OPEC is trying to persuade Libya and Nigeria to join cuts if the cartel agrees to reduce production, delegates told S&P Global Platts, while the OPEC and non-OPEC leaders of the deal, Saudi Arabia and Russia, are still discussing how much to cut and how to share these cuts out.
Libya and Nigeria, exempted from the deal forged in November 2016 because of violence that had severely disrupted their respective production, have recovered their output and have been raising production in recent months. The two countries are seen reluctant to cut because of a still fragile security situation, but this time around, the other OPEC members may not listen to any excuses and are urging the two African members to join a possible cut.
Following severe production and export disruptions in the early summer, Libya’s oil production has been steadily rising over the past three months.
As of two weeks ago, Libya was pumping close to 1.3 million bpd, and NOC’s chairman Mustafa Sanalla said that he hoped Libya would be exempted, again, from any new OPEC-wide production cuts.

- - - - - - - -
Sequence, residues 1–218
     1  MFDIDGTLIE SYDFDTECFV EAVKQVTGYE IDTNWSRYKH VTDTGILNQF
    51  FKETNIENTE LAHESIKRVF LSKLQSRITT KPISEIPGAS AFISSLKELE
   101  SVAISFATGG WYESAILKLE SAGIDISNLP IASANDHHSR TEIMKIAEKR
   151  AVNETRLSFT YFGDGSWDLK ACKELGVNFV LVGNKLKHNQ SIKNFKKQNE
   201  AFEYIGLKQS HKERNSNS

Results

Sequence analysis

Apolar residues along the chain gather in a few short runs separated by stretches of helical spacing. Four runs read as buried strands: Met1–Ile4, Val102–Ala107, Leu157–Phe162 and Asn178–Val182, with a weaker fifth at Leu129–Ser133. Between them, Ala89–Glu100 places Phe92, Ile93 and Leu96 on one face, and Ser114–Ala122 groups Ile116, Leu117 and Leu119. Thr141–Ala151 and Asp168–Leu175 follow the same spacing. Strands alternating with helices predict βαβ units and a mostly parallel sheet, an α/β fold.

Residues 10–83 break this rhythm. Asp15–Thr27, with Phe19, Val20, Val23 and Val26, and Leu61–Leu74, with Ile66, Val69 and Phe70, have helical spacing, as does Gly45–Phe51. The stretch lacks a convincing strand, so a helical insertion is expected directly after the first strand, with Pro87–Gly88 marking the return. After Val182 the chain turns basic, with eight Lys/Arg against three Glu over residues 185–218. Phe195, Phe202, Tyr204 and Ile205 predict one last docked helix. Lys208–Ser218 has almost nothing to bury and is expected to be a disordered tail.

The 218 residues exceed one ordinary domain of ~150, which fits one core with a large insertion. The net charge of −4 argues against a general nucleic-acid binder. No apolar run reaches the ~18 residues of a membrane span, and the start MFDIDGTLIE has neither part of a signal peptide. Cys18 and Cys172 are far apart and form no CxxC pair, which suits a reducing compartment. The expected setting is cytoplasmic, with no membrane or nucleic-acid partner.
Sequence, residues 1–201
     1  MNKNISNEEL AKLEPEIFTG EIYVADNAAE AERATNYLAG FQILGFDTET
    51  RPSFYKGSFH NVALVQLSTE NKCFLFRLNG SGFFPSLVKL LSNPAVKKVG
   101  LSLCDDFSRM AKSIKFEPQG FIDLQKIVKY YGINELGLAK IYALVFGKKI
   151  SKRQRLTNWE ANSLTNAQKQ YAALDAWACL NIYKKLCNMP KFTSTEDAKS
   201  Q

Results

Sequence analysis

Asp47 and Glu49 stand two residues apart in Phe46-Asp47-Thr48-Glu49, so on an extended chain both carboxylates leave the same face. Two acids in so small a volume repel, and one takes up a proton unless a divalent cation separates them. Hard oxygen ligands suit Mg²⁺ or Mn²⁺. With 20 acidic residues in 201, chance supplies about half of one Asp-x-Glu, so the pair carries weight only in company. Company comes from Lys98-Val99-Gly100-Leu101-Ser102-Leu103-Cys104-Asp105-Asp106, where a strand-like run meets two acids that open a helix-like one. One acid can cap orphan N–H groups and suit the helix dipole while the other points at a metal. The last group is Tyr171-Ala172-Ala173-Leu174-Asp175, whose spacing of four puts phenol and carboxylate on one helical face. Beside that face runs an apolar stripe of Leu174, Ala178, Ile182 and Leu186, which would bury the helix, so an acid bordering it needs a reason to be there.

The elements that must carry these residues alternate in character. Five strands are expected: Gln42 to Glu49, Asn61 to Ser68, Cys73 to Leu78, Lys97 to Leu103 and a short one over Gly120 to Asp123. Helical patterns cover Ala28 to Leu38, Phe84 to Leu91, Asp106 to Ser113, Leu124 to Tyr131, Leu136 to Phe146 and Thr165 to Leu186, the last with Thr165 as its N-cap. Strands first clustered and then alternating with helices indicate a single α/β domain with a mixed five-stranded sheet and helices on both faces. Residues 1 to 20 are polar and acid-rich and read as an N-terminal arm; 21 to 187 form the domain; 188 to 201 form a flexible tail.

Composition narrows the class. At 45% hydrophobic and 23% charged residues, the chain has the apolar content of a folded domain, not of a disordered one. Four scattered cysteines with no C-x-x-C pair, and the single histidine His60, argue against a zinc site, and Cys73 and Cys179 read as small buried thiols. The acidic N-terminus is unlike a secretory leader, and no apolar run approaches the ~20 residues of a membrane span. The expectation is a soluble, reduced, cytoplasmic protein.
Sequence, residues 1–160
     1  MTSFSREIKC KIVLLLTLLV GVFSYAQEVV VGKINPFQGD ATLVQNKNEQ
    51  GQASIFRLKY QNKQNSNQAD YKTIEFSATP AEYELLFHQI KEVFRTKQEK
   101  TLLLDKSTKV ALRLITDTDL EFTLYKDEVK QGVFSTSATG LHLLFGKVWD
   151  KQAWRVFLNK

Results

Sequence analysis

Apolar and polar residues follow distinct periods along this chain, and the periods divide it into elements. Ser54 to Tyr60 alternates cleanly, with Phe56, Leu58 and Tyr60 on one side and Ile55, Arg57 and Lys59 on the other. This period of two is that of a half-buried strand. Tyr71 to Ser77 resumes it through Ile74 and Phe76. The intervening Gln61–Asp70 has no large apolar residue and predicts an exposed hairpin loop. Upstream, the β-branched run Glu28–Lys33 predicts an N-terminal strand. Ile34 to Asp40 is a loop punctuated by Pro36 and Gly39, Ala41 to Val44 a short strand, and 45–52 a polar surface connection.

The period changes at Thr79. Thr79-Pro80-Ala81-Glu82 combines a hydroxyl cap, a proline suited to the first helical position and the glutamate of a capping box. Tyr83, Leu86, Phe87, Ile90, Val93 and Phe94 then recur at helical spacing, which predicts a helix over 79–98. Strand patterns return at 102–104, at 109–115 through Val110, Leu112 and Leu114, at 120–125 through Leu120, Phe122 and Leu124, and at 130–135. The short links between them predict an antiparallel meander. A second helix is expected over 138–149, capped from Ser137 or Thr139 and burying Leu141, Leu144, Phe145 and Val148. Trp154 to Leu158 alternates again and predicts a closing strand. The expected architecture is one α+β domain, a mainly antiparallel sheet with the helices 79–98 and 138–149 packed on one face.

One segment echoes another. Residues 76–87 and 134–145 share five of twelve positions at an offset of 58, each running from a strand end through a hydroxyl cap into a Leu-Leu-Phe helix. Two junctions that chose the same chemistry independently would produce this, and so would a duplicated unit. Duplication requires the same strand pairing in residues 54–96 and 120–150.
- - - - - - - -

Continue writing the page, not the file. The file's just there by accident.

Nigeria is also boosting oil production, which is set to further rise with the imminent start-up of the Total-operated Egina oil field.
However, the Nigerian National Petroleum Corporation (NNPC) warned last month that sabotage attacks on oil pipelines were on the rise, while analysts also warn that violence may return in Nigeria’s oil industry ahead of the general elections in February.
While OPEC delegates are persuading Libya and Nigeria to join the cuts, the nature of such cuts has yet to be defined, and the leaders of the deal, the Saudis and the Russians, are said to be currently at odds over who’s cutting how much.
Saudi Arabia is looking to persuade Moscow to make a hefty cut in the region of 250,000 bpd-300,000 bpd, while Russia has reportedly indicated that it wasn’t okay with cutting this much, and could agree to half that proposed amount, Reuters reports, citing OPEC and non-OPEC sources.
Meanwhile, Iran will not be negotiating its production quota. Oil Minister Bijan Zanganeh said on Wednesday, as quoted by state news agency IRNA:
“As long as Iran is under sanctions, the Islamic Republic’s OPEC quota will not be discussed with anyone.”
By Tsvetana Paraskova for Oilprice.com